Cariamiformes

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Cariamiformes
Temporal range:
Late Paleocene - Holocene, Late Paleocene–0
Cariama cristata.jpg
Red-legged seriema, Cariama cristata
Scientific classification e
Kingdom: Animalia
Phylum: Chordata
Class: Aves
Clade: Australaves
Order: Cariamiformes
Fürbringer, 1888
Families

Cariamidae
Ameghinornithidae[1]
Bathornithidae
Elaphrocnemus[2]
Idiornithidae
Phorusrhacidae
?†Qianshanornithidae
Salmilidae

Cariamiformes (or Cariamae) is an order of primarily flightless birds that has existed for over 60 million years. The group includes the family Cariamidae (seriemas) and the extinct families Phorusrhacidae, Bathornithidae, Idiornithidae and Ameghinornithidae. Though traditionally considered as a suborder of Gruiformes, both morphological and genetic studies[3] show that they belong to a separate group of birds, Australaves, whose other living members are Falconidae, Psittaciformes and Passeriformes.[4]

This proposal has been confirmed by a 2014 study of whole genomes of 48 representative bird species.[5] This analysis shows that the Cariamiformes are basal among extant Australaves, while falcons are next most basal; in combination with the fact that the two most basal branches of Afroaves (New World vultures plus Accipitriformes, and owls) are also predatory, it is inferred that the common ancestor of 'core landbirds' (Telluraves) was an apex predator.[5] However, some researchers like Darren Naish feel that this assessment is biased towards the more well known, predatory representatives of the clade,[6] and indeed at least one form, Strigogyps, appears to have been herbivorous.[7]

The earliest known unambigous member of this group is Paleocene taxon Paleopsilopterus itaboraiensis.[8] An isolated femur from the Cape Lamb Member of the Lopez de Bertodano Formation, Vega Island, Antarctica was briefly described as a cariamiform femur in 2006. This specimen, which dates to the late Cretaceous period 66 million years ago, was originally reported as indistinguishable from the femurs of modern seriemas, and belonging to a large bird about 1 metre (3.3 ft) tall. Because of its age and geographic location, it was argued that this unnamed species may have been close to the ancestry of both cariamids and phorusrhacids.[9] However, a subsequent study published by West et al. (2019) reinterpreted this specimen as a fossil of an unnamed large-bodied member of an non-cariamiform genus Vegavis.[10]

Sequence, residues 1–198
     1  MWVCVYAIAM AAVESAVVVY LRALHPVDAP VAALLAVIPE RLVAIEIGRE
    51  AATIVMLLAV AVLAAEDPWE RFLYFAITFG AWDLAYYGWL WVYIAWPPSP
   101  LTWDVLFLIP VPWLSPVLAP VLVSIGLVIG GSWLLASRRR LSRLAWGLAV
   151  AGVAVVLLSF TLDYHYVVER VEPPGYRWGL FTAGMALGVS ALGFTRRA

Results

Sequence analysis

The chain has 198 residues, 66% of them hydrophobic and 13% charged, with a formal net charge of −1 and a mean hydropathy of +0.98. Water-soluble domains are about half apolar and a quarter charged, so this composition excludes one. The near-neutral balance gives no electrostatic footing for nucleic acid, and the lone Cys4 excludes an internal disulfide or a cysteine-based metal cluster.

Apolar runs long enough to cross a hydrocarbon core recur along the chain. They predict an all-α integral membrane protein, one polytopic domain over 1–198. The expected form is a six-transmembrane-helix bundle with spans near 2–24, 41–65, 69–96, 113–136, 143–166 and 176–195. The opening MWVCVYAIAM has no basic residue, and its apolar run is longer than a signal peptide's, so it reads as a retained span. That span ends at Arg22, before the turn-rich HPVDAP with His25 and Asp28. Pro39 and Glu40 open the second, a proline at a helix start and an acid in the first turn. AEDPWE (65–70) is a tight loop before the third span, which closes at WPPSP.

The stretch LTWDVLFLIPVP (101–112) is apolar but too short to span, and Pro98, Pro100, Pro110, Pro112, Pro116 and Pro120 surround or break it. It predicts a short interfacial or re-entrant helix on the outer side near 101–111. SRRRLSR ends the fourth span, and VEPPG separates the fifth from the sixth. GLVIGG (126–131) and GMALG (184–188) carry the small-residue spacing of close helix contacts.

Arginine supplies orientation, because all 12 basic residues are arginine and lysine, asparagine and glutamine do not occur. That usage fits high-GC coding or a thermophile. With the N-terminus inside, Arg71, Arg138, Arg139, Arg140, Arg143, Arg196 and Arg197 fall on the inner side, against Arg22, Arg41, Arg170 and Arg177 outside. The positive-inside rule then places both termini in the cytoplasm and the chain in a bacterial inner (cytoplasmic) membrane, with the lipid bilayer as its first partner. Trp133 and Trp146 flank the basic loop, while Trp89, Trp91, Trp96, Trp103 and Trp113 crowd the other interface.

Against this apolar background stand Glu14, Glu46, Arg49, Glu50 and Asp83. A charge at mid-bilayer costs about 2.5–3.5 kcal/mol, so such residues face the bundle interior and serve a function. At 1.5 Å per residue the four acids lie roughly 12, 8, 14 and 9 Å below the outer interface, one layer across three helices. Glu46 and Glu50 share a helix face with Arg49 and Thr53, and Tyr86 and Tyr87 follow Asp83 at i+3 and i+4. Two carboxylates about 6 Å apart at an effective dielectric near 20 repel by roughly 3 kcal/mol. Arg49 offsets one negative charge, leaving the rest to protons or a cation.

References[edit]

  1. ^ Mayr, G. 2005. "Old World phorusrhacids" (Aves, Phorusrhacidae): a new look at Strigogyps ("Aenigmavis") sapea (Peters 1987). PaleoBios
  2. ^ Alvarenga, H., Chiappe, L. & Bertelli, S. 2011. Phorusrhacids: the terror birds. In Dyke, G. & Kaiser, G. (eds) Living Dinosaurs: the Evolutionary History of Modern Birds. John Wiley & Sons (Chichester, UK), pp. 187-208.
  3. ^ Hackett, Shannon J.; et al. (2008-06-27). "A Phylogenomic Study of Birds Reveals Their Evolutionary History". Science. 320 (5884): 1763–1768. doi:10.1126/science.1157704. PMID 18583609. Retrieved 2008-10-18.
  4. ^ "Darren Naish: Tetrapod Zoology". darrennaish.blogspot.com. Retrieved 12 April 2018.
  5. ^ a b Jarvis, E. D.; Mirarab, S.; Aberer, A. J.; Li, B.; Houde, P.; Li, C.; Ho, S. Y. W.; Faircloth, B. C.; Nabholz, B.; Howard, J. T.; Suh, A.; Weber, C. C.; Da Fonseca, R. R.; Li, J.; Zhang, F.; Li, H.; Zhou, L.; Narula, N.; Liu, L.; Ganapathy, G.; Boussau, B.; Bayzid, M. S.; Zavidovych, V.; Subramanian, S.; Gabaldon, T.; Capella-Gutierrez, S.; Huerta-Cepas, J.; Rekepalli, B.; Munch, K.; et al. (2014). "Whole-genome analyses resolve early branches in the tree of life of modern birds" (PDF). Science. 346 (6215): 1320–1331. doi:10.1126/science.1253451. PMC 4405904. PMID 25504713.
  6. ^ Naish, Darren. "Bird behaviour, the 'deep time' perspective". scientificamerican.com. Retrieved 12 April 2018.
  7. ^ Gerald Mayr, Exceptionally preserved plant parenchyma in the digestive tract indicates a herbivorous diet in the Middle Eocene bird Strigogyps sapea (Ameghinornithidae)
  8. ^ Mayr, Gerald (2009). "Chapter 13. Cariamae (seriemas and allies)". Paleogene Fossil Birds. Springer Science & Business Media. p. 139–152. doi:10.1007/978-3-540-89628-9_13. ISBN 978-3-540-89628-9.
  9. ^ Case, J.; Reguero, M.; Martin, J.; Cordes-Person, A. (2006). "A cursorial bird from the Maastrictian of Antarctica". Journal of Vertebrate Paleontology. 26 (3): 48A.
  10. ^ Abagael R. West; Christopher R. Torres; Judd A. Case; Julia A. Clarke; Patrick M. O'Connor; Matthew C. Lamanna (2019). "An avian femur from the Late Cretaceous of Vega Island, Antarctic Peninsula: removing the record of cursorial landbirds from the Mesozoic of Antarctica". PeerJ. 7: e7231. doi:10.7717/peerj.7231.